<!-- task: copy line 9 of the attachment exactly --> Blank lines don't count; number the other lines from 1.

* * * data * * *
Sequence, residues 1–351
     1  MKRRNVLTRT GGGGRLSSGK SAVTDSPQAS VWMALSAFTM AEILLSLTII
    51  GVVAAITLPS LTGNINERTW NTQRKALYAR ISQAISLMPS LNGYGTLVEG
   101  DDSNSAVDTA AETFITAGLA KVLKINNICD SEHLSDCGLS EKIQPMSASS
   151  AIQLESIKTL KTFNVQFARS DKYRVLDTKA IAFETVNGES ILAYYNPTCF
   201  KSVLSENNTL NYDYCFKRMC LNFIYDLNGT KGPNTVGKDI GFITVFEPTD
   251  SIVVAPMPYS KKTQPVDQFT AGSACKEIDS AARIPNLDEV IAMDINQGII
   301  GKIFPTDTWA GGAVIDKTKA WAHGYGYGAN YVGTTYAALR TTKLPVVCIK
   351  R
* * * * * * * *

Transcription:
   351  R